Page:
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M.H. Clements: The price of ignorance

By M.H. Clements

Special to the Salisbury Post

One of the chief architects of the Affordable Care Act, known popularly as Obamacare, has on at least three occasions referred to you and me as either stupid or ignorant. Jonathan Gruber, a professor at the Massachusetts Institute of Technology, has admitted (and even declared) that deceiving the American public, members of Congress and the Congressional Budget Office was necessary to pass the bill into law. 

Videos of these have surfaced and have been played on Fox News and on CNN. They are easily found by entering his name into a search engine. He is absolutely correct about “ignorant”, and may be close to the truth about “stupid.”

Mr. Gruber describes the “tortured” language employed to accomplish the deception, and declares that the resulting legislation is so valuable as to justify the means employed. And all who suffer from pre-existing illness(es) might agree, for they are the true beneficiaries.  However, all who believed that this administration would be the most transparent one in memory might just become a little cynical.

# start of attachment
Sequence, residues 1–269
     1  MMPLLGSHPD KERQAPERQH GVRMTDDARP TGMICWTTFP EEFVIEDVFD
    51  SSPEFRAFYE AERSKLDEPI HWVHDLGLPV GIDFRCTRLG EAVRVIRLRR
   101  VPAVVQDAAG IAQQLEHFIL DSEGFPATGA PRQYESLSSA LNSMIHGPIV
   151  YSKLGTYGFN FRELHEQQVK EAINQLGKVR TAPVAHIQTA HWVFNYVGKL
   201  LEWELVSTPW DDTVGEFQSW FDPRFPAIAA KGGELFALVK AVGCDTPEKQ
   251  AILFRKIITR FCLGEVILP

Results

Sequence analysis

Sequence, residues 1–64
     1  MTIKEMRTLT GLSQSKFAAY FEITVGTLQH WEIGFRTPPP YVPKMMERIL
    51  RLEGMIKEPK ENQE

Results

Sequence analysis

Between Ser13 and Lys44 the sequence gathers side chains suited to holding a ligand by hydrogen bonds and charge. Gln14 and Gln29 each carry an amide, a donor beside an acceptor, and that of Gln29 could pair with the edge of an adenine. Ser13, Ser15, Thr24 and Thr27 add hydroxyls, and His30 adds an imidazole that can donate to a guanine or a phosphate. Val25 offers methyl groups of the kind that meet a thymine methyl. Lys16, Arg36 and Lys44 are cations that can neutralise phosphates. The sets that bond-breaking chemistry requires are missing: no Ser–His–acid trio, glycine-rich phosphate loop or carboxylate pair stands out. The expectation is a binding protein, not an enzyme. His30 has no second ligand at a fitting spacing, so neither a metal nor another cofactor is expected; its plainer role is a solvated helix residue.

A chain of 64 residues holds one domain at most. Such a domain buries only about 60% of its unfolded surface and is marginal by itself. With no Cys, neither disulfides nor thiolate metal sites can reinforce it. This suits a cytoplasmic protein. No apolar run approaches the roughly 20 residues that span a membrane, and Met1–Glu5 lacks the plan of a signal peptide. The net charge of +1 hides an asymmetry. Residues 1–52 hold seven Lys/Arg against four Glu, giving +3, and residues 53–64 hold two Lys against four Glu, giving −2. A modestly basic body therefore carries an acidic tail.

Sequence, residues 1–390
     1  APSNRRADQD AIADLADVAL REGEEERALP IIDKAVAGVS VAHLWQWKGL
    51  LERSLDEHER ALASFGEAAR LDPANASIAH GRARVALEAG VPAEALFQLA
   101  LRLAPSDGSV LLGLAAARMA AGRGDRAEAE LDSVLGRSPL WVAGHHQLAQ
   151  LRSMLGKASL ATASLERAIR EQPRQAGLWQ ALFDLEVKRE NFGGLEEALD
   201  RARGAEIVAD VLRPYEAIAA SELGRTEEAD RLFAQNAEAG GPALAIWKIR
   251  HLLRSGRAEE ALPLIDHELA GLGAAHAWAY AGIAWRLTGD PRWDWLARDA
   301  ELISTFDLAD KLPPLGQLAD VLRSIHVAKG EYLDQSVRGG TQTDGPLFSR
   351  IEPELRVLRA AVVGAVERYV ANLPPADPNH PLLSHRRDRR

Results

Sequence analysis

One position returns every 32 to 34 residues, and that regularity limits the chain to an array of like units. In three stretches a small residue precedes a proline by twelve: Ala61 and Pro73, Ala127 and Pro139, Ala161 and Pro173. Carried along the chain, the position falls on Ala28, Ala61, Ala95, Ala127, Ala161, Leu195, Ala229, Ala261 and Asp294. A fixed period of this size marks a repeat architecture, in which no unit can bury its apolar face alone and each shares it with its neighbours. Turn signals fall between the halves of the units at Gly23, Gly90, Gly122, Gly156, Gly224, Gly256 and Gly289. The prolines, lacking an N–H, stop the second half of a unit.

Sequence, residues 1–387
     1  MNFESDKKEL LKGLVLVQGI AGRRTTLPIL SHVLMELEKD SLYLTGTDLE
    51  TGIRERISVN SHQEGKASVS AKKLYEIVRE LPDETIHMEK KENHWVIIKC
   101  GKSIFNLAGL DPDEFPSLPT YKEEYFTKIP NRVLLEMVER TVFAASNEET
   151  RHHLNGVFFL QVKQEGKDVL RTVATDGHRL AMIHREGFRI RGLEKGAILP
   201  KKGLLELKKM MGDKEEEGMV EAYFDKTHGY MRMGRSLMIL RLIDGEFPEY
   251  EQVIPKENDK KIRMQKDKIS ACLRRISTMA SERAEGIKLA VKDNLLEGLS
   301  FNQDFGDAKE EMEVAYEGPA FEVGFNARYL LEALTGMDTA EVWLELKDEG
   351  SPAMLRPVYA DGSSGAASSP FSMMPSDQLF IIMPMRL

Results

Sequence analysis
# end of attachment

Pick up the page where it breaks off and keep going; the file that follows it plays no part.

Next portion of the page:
As to his reference to us as ignorant: There is an undeniable lack of teaching of the most basic principles of economics. How many understand that our economy is built on the foundation of a tangible product sold at market for a profit? Or that such profit is then taxed to provide the revenue for government programs? Or that when we are told that insurance companies will be taxed on elaborate programs, that the taxes will be passed on to consumers in the form of higher premiums or higher deductibles?

As to his reference to us as stupid: Is it news that the protection of free speech afforded by the first amendment to our Constitution allows politicians to lie during campaigns? Or that if these same politicians are elected that they really laugh at those of us who voted for them? And should these same politicians be surprised to recognize cynicism among constituents?

There is a tradition in our history that news media make up the “fourth estate” to whom we have entrusted the responsibility to investigate and protect society from dishonest politicians. But who protects us when the revered fourth estate is hypnotized by politicians?  If not for media efforts to vet individuals and proposed legislation, how are we to make informed decisions based on facts?

We now have irrefutable evidence that some members and close associates of our federal government are quite willing to deceive (defraud?) the electorate in order to achieve their political goals. They seem to justify their actions as being necessary for the good of the ignorant masses. Perhaps more telling is how society will deal with exposed deceit. We will have to wait and see.

M.H. Clements lives in Cleveland.

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